Stoem drain

Ocean City is coordinating with the State Highway Administration to remove sediment and other debris from storm drain catch basins along Coastal Highway.

Contractor will take underground video  to assess debris

(Nov. 23, 2018) After spending $100,000 last month to clean storm basins along Coastal Highway in conjunction with the State Highway Administration, excessive blockages have required an outside contractor to videoscope pipes in search of clogged sections.

Public Works Director Hal Adkins said the city is working with the state, which owns and maintains Coastal Highway, Philadelphia Avenue and Baltimore Avenue, plus the associated storm drain systems, to address recurring flooding from heavy rainstorms.

Adkins said state highway crews spent about three weeks using a jet vacuum truck to clean storm basins on Coastal Highway north of 123rd Street.

“They found a substantial amount of accumulated sand and dirt,” he said. “In some cases, three quarters of the height of the drain pipe was completely blocked.”

Adkins said the state purview ends at the sidewalk, with Ocean City overseeing the remaining system, which includes 2,700 catch basins and 335-outfall locations.

“Those systems are interconnected,” he said. “Catch basins are piped and eventually drain out into the bay.”

After several weeks of pumping out debris from the storm drain system, state Highway crews hit a snag, Adkins said.

“It is my understanding they put a jet in to try and clean out one of these [pipes] and it got hung up,” he said. “They … will bring in a camera rig …… on wheels you can send up in there.”

Adkins said CES, an environmental services provider based in Delmar, will begin the next phase of work within a few weeks.

Adkins consulted with City Engineer Terry McGean to identify priority locations, including Sinepuxent Avenue between 130th Street and 146th Street.

“We have identified certain areas that we would like CES to focus on initially, areas that have historically had flooding and we feel that our drainage system may be rather clogged in those areas,” he said.

Adkins said attention would also be paid to the area west of Philadelphia Avenue between Ninth and 15th Street, along with additional trouble spots and long sections of pipe.

“When the grade is rather flat, you lose velocity,” he said. “When you lose velocity, the sediment suspended in the rain water falls out and fills up the pipe.”

As part of the project, the state will uncover previously paved-over junction boxes connecting catch basins on the east side of Coastal Highway with corresponding basins along the southbound bus lane.

“For whatever reason, as they’ve paved the highway over the years, they paved completely overtop of the junction boxes and circular metal lids,” he said. “When they put the manhole lid back, they’re going to have to set it at roadway grade and … patch around it.”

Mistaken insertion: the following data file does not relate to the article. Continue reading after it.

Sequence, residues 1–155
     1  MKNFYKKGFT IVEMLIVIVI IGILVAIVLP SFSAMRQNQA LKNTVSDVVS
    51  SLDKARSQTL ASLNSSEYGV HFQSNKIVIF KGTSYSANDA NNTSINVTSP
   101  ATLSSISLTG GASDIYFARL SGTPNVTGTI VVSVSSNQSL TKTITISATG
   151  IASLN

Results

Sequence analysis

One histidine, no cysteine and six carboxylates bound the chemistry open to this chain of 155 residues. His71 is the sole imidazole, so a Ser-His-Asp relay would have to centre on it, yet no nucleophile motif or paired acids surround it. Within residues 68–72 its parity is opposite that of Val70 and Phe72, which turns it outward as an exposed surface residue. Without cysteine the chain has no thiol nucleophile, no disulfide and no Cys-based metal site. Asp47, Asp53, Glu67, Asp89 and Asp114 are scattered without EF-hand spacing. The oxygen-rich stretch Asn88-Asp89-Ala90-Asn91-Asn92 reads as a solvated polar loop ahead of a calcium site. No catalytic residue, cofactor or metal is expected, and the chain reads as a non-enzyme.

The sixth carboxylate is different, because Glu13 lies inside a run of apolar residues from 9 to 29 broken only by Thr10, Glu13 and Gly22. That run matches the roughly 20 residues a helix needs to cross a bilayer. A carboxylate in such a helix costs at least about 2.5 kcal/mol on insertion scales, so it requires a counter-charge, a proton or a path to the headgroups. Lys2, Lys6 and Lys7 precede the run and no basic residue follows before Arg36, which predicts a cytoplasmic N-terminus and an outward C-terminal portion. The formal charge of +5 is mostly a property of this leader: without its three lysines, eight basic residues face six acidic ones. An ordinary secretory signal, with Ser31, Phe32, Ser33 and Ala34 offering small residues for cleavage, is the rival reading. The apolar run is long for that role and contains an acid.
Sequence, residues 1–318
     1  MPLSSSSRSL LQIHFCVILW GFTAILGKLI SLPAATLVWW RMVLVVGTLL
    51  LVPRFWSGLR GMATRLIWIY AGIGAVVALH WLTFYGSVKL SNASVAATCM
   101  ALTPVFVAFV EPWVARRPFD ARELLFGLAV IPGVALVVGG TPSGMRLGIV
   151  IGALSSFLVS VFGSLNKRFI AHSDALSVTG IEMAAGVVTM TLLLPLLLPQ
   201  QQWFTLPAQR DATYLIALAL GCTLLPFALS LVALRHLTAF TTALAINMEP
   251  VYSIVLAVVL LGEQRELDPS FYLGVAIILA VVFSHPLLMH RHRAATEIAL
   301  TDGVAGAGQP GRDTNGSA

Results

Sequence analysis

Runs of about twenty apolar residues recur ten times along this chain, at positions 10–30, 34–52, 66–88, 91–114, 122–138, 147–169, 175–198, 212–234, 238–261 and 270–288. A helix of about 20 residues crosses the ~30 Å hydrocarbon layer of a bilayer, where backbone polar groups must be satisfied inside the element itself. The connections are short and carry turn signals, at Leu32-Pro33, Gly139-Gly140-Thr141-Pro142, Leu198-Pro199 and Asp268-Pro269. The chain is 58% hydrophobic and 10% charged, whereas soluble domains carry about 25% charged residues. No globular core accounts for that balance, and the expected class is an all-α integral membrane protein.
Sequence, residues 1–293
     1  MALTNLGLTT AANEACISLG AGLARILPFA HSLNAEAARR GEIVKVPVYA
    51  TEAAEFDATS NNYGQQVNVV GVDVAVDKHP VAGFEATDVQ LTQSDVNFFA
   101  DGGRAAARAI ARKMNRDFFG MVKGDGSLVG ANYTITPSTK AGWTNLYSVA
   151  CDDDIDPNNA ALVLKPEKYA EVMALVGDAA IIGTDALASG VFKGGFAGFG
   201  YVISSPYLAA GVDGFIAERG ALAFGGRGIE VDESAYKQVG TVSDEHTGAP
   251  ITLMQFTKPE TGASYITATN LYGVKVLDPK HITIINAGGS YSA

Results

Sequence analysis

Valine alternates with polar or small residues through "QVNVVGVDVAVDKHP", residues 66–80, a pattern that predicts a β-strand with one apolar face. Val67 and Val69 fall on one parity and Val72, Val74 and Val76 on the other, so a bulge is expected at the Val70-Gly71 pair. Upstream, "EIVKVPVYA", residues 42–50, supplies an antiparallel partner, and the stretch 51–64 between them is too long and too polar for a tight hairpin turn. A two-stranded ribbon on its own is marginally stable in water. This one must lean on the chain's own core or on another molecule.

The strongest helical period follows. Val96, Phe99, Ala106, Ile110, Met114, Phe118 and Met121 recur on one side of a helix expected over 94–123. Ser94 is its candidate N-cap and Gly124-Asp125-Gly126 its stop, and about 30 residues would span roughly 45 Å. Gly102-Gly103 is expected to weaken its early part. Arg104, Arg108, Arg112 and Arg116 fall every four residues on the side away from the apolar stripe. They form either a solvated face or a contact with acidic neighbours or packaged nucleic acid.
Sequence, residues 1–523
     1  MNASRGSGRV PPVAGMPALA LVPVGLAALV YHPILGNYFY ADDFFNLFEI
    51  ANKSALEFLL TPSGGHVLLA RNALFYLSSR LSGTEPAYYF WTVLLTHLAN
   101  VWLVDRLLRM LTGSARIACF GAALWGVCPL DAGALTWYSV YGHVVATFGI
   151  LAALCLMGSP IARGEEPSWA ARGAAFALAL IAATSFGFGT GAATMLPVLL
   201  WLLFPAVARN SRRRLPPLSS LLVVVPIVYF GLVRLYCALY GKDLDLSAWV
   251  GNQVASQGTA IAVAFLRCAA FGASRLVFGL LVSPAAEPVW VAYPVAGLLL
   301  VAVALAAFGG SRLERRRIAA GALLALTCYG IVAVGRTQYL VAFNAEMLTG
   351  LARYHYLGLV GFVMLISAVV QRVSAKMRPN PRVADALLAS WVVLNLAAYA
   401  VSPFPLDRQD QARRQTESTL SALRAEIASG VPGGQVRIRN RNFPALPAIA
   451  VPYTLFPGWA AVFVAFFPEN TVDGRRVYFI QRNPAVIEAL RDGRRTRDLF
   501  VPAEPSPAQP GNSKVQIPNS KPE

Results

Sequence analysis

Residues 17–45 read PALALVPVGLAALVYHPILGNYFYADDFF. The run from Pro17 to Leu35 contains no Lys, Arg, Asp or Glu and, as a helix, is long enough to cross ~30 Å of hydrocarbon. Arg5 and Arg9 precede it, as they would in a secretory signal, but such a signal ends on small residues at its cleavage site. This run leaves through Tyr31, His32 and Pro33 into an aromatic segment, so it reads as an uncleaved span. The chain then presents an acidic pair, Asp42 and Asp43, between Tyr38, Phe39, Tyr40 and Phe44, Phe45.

Noting the cost for CES to send a jet-vacuum truck with a two-person crew is $150 per hour, Adkins said the $100,000 City Council allocated from the Maryland Stormwater and Critical Area Mitigation fund would need to be bolstered in the future.

“It was competitively bid by state highway,” he said. “We wanted to start with an initial allocation of $100,000 to identify the worst-case scenarios to see how quickly we are able to address this.”

Adkins said he hopes the work undertaken by CES would help with estimating costs for future work, which could be considered during the coming year’s budget discussions.

“This will give us enough data as to what level of sediment buildup there is, data as to what our production rates can be, and how quickly can we do a typical city block of 300 feet,” he said. “Then we can extrapolate … total cost.”

Adkins also said Environmental Engineer Gail Blazer has requested materials removed from storm drain systems be retained for further analysis.

“She wants to know what volume we accumulate,” he said.

The data may allow Blazer to analyze if the project could be married to other regulatory or grant opportunity issues, Adkins said.

“The capacity of the water that’s coming down from the sky is exceeding the ability for that pipe to carry it away because the pipe is clogged and not at full capacity,” he said.

“The minute we get that front-end worth of debris out of there, the velocity of the water that will make it into the catch basin and the pipe will be at a much higher velocity to help clean out the rest of it.”

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